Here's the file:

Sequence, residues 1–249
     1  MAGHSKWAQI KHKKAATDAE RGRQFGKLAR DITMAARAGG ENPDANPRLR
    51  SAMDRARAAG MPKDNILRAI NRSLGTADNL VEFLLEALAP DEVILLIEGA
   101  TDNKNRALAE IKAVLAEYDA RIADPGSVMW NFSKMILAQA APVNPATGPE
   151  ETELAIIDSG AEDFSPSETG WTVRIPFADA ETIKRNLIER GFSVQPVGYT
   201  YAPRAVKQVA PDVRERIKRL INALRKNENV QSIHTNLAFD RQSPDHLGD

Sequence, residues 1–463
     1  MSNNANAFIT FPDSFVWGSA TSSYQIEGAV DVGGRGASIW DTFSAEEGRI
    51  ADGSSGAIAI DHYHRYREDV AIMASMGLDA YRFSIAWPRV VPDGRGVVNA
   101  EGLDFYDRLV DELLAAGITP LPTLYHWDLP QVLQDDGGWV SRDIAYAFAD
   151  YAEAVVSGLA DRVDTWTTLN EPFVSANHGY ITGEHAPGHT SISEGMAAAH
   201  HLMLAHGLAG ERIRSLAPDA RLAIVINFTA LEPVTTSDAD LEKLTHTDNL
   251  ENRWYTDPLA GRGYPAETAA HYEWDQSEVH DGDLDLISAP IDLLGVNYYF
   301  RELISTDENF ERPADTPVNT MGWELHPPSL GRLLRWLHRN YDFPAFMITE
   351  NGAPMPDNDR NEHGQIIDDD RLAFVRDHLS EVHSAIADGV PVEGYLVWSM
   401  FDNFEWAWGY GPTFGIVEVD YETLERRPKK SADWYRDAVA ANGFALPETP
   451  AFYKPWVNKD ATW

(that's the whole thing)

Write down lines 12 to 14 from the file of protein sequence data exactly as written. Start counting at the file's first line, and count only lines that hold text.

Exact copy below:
   201  HLMLAHGLAG ERIRSLAPDA RLAIVINFTA LEPVTTSDAD LEKLTHTDNL
   251  ENRWYTDPLA GRGYPAETAA HYEWDQSEVH DGDLDLISAP IDLLGVNYYF
   301  RELISTDENF ERPADTPVNT MGWELHPPSL GRLLRWLHRN YDFPAFMITE